Turning to the phone itself, the P30 Pro is built around the Kirin 980 processor (the same as last year’s Mate 20 Pro), with 8GB of RAM and at least 128GB of storage. This is a fast phone, offering some of the best responsiveness and gaming performance I’ve yet come across on Android. But I’ve also stumbled upon a couple of bugs, most notably with the Twitter app and the multitasking view, both turning into a visual jumble on occasion.
Huawei’s EMUI software is still what it is: more frustrating and nagging than helpful. It’s small things like not letting me pull down the quick settings shade on the lock screen to turn on the flashlight. Or not having the double press of the power button as a camera shortcut. Or the insistent reminders to enable HiCare, disable the background refresh of my most-used apps, sign in to a Huawei Cloud account, and grant all the invasive data permissions that the company lusts after. If Huawei could find some chill, as Samsung did this year with One UI or as OnePlus has been practicing for years, its phones would be vastly more enticing.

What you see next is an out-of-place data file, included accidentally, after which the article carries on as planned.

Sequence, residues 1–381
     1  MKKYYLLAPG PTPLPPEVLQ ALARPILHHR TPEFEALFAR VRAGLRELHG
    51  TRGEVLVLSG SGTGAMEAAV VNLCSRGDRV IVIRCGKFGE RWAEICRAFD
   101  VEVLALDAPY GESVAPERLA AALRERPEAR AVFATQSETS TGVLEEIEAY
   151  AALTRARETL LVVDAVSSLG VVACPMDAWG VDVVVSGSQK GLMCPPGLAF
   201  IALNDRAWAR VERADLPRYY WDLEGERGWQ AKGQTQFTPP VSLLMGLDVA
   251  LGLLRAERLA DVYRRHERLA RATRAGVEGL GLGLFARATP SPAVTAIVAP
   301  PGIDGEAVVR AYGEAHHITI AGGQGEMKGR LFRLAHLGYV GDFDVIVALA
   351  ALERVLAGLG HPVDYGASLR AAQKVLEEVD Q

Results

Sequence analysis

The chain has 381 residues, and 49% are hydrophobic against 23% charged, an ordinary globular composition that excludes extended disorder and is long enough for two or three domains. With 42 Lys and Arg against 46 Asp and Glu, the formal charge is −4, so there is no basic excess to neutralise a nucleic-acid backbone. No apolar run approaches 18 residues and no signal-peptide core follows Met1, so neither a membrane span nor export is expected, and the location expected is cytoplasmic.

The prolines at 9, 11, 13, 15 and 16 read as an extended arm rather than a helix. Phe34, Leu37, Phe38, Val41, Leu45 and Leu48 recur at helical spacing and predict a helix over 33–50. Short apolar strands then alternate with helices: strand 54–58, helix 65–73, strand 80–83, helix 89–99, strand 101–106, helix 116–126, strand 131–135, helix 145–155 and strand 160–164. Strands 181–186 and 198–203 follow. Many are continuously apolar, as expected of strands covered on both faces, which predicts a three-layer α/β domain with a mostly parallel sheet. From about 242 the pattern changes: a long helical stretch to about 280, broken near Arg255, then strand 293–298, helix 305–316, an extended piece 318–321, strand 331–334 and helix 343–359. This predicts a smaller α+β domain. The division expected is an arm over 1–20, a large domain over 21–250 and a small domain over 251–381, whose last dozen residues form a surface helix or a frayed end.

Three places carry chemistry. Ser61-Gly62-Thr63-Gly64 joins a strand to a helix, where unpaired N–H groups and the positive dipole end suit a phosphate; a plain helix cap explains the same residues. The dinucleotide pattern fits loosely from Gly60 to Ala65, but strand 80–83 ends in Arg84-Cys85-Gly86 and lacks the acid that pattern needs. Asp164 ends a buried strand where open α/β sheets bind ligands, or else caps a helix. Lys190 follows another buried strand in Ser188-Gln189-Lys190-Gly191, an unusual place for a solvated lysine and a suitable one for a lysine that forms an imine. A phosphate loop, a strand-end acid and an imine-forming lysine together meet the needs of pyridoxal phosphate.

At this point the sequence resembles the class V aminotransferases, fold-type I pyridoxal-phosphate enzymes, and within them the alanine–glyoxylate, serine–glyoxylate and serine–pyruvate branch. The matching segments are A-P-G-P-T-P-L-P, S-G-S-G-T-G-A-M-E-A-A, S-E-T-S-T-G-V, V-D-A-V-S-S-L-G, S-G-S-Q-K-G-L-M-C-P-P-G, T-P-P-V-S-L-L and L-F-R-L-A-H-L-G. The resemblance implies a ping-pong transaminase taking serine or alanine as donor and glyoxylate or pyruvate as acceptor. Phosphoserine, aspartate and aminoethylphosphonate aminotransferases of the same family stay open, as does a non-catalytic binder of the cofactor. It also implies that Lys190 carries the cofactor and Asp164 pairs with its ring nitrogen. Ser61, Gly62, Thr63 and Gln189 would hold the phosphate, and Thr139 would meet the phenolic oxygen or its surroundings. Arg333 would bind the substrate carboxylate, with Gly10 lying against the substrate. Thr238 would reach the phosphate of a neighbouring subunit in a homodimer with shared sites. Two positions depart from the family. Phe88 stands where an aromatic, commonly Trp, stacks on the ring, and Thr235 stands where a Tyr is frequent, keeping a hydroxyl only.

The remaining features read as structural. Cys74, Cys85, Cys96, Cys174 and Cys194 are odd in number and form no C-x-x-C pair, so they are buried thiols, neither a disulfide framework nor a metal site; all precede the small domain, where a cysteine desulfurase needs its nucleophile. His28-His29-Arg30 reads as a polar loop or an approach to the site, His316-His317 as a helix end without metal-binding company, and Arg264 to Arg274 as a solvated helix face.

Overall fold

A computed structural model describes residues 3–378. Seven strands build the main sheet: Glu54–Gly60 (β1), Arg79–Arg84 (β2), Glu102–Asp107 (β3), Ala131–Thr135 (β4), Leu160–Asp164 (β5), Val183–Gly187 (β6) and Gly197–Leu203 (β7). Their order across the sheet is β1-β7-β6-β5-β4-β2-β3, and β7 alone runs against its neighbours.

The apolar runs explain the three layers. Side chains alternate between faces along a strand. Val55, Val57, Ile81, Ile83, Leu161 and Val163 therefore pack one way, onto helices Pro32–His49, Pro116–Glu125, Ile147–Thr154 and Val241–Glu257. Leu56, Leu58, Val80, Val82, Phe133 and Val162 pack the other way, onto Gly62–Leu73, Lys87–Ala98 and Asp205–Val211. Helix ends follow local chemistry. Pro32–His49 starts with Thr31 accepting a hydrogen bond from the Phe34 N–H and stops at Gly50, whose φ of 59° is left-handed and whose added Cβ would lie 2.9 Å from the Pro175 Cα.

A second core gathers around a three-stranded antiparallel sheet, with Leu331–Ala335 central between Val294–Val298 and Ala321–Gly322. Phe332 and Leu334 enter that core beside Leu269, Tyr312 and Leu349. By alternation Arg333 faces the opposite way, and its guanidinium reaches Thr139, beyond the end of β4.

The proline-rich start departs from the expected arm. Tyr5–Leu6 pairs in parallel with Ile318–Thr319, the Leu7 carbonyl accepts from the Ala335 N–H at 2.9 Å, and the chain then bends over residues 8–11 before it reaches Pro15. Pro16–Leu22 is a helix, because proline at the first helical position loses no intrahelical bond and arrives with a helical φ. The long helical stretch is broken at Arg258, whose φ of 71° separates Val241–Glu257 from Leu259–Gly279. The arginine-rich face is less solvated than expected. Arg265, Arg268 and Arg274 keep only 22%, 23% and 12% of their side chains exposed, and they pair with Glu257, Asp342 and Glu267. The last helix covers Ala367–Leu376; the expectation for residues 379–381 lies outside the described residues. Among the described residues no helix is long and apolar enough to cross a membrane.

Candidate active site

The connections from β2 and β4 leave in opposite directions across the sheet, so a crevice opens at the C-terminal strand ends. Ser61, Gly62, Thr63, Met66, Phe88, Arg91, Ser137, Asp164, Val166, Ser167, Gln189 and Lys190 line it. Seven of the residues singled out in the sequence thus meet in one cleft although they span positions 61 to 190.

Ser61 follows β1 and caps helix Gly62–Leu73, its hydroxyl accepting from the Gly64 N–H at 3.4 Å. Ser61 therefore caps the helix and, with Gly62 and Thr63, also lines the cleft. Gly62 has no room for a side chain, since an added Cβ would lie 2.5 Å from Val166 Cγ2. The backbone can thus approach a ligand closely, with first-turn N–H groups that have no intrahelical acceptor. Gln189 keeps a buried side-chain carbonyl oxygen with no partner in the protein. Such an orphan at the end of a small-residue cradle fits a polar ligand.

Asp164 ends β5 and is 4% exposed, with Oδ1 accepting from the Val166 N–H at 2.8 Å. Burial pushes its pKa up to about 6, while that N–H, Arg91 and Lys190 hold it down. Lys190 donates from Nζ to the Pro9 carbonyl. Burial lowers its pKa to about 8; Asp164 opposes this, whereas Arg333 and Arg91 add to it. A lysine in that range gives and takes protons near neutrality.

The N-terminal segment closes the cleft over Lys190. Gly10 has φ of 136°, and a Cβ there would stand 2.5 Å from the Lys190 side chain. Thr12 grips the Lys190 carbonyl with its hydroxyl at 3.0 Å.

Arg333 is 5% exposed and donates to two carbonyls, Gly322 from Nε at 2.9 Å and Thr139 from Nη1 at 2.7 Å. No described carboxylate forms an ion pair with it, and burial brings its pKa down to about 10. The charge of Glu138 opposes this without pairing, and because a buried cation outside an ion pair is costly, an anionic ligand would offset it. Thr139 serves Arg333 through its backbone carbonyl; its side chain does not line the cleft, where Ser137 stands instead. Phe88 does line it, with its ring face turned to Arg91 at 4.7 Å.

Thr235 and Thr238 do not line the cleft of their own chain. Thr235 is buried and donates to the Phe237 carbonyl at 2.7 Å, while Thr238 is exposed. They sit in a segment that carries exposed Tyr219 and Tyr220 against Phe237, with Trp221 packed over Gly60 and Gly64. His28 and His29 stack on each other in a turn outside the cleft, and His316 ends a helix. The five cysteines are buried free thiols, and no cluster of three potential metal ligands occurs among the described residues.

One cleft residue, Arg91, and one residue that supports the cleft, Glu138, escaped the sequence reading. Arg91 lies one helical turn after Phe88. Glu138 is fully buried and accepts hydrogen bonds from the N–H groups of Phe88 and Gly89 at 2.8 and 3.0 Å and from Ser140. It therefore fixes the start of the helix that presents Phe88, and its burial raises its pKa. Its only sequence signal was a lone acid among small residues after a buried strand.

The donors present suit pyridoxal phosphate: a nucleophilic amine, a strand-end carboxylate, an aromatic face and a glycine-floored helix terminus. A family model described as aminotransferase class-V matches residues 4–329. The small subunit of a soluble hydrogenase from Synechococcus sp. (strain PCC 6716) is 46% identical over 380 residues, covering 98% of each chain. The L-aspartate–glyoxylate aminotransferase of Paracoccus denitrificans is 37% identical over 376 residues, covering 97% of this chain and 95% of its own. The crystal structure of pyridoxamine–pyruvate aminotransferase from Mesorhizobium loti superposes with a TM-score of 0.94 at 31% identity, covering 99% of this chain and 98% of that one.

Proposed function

The first thing I did with the P30 Pro was download Nova Launcher and the Reduze Icon Pack, which are both free from the Google Play Store. With Gboard replacing the preloaded SwiftKey and a few pesky notifications dismissed, I managed to rein this phone in and make it feel like an Android handset rather than a Huawei device. That’s obviously work no one should have to do, but, in all honesty, I’m willing to accept the bumpy onboarding as a trade-off for the awesome performance of the Kirin 980 chip and those wild cameras on the back. I can see why some people would not want to make those compromises, however.
Huawei’s Bluetooth and Wi-Fi performance is exceptional. Hooking up my wireless earphones to this phone is faster than with any other device, except for the iPhone and its match-made-in-gadget-heaven AirPods. Syncing a Withings step-tracking watch to the P30 Pro is also vastly quicker than it is with Google’s Pixel 3. London’s underground system has Wi-Fi at every station, but most Android devices are too slow to identify the network, and I often get a connection just as the train’s departing each stop. With the P30 Pro, I’m connected before the train’s even arrived at each station. This wireless quickness complements the phone’s overall fluidity beautifully, lending a real sense of modern technology to the P30 Pro.